AMS, University not consulted on location of new provincial pot store

AMS says it ‘would have liked’ consultation on the issue

AMS offices located in the JDUC.
Credit: 
Journal File Photo

The AMS and the University weren’t consulted on the location of the new Ontario Cannabis Store (OCS), set to open this fall.

The location in the RioCan Centre, a 15-minute drive from campus, was selected based off provincial guidelines, municipal zoning bylaws, and proximity to primary and secondary schools—as well as where illegal storefronts currently operate.

In a statement sent to The Journal, AMS communications said the society “would have liked to been consulted on the OCS location; however, that is a provincial matter.” The statement added there had only been “a brief phone call” with last year’s team regarding the OCS location.

When asked about student accessibility, given the store’s distance, AMS communications said, “we’re also fortunate that through our Bus-It program and partnership with Kingston Transit, our students have access to transportation to OCS at no additional cost.”

Despite the free access to public transit, students who wish to shop at the new OCS face an hour-long round trip.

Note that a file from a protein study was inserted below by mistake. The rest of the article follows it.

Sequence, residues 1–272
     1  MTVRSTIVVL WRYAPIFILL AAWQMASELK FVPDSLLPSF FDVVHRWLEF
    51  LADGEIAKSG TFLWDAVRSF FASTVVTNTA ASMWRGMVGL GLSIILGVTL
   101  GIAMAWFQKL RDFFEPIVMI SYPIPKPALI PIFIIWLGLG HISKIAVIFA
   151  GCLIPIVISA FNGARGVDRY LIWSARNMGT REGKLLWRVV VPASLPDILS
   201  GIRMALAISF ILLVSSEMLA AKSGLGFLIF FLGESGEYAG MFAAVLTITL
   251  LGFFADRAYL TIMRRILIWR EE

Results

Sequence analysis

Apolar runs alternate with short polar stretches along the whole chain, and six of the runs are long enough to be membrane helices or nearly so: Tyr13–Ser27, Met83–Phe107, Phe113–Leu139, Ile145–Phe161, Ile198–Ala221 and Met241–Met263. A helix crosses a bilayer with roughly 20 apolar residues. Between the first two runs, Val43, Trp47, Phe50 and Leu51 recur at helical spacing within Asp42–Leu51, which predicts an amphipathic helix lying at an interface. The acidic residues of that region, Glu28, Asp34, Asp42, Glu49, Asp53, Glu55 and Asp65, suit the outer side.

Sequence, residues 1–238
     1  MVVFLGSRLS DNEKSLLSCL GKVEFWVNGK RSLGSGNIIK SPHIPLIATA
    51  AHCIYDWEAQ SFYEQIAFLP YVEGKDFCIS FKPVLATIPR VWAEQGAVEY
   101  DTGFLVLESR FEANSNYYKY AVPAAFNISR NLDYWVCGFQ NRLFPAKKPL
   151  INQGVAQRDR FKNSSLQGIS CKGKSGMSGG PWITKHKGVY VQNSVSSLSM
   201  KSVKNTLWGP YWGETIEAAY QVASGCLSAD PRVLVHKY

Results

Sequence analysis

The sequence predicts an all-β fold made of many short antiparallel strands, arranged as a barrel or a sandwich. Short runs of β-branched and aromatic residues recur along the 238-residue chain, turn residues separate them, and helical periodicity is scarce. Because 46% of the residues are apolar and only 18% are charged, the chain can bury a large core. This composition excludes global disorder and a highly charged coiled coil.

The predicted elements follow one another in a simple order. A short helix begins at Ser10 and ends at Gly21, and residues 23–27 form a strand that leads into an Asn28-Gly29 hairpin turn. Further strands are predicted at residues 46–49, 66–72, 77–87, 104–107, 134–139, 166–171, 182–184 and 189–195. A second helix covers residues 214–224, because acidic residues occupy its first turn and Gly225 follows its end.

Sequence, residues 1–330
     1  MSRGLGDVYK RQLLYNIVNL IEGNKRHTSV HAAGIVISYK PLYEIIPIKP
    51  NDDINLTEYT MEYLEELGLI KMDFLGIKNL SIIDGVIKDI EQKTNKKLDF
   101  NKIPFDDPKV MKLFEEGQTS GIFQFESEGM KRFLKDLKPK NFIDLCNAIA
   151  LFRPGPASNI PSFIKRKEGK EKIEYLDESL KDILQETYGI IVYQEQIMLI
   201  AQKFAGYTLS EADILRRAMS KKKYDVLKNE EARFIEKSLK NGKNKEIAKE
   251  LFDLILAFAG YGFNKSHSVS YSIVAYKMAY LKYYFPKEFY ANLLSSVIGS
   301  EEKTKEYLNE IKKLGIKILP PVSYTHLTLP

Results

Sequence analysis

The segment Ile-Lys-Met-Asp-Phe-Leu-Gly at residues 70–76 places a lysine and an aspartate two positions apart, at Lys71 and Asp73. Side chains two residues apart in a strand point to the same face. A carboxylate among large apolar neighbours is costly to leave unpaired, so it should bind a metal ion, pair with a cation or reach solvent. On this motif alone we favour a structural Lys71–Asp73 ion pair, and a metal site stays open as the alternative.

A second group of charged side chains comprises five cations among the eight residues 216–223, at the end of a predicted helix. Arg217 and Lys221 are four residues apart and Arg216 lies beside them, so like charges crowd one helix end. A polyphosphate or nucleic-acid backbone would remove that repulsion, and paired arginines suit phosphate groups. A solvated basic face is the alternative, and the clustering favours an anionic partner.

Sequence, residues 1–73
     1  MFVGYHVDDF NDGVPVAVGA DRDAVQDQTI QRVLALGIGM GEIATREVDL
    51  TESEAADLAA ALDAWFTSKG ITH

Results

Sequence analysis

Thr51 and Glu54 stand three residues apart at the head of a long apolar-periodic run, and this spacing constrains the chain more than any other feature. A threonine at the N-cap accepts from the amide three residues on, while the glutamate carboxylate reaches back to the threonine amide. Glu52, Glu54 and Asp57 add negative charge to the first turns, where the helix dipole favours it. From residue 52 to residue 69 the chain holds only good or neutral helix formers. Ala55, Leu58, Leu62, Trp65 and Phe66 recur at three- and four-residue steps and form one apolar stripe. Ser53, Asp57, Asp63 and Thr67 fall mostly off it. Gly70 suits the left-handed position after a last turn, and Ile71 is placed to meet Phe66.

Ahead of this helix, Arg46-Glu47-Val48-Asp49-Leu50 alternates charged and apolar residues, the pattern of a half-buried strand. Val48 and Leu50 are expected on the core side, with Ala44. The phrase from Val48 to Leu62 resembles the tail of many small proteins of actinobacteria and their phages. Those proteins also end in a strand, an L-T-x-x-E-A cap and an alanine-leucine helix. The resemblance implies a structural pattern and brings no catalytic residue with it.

Queen’s also says consultation on the OCS location didn’t occur. Chairman of the Cannabis Working Group, Dan Langham, told The Journal in a statement, “the university would always welcome the opportunity to provide feedback on issues that could affect the university community.”

“In this case, we were satisfied with the outcome of the process the government used to locate the retail outlet,” Langham wrote.

Langham said that since its first meeting in January, the Cannabis Working group has been tracking the progress of federal and provincial acts in relation to cannabis to determine how it will impact University policy and programming. 

“Members of the Working Group are now in the process of updating programming, policy and procedure, as necessary, to address the potential impact of the legalization of cannabis,” Langham wrote.

One of those policies is the recently approved revised student code of conduct, which now mentions cannabis-specific infractions. Specifically, students will be prohibited from consuming cannabis on campus, except where the law otherwise permits.

Additionally, students won’t be able to cultivate cannabis on campus, or any University-owned building. Contravention of these rules could result in students being processed through Non-Academic Misconduct (NAM).

“The Working Group has also been liaising with the Council of Ontario Universities’ Cannabis Working Group, which has been discussing the legalization of cannabis at a sector level,” he added.

So far, the AMS says they have not had communications with the Cannabis Working Group, but that they “look forward” to being included in the future as campus prepares for legalization. 

When asked when students can expect concrete University guidelines or rules regulating cannabis on campus, Langham wrote, “I expect that information outlining the legal requirements and the expectations related to recreational and medicinal cannabis use will begin rolling out later this summer.”

 

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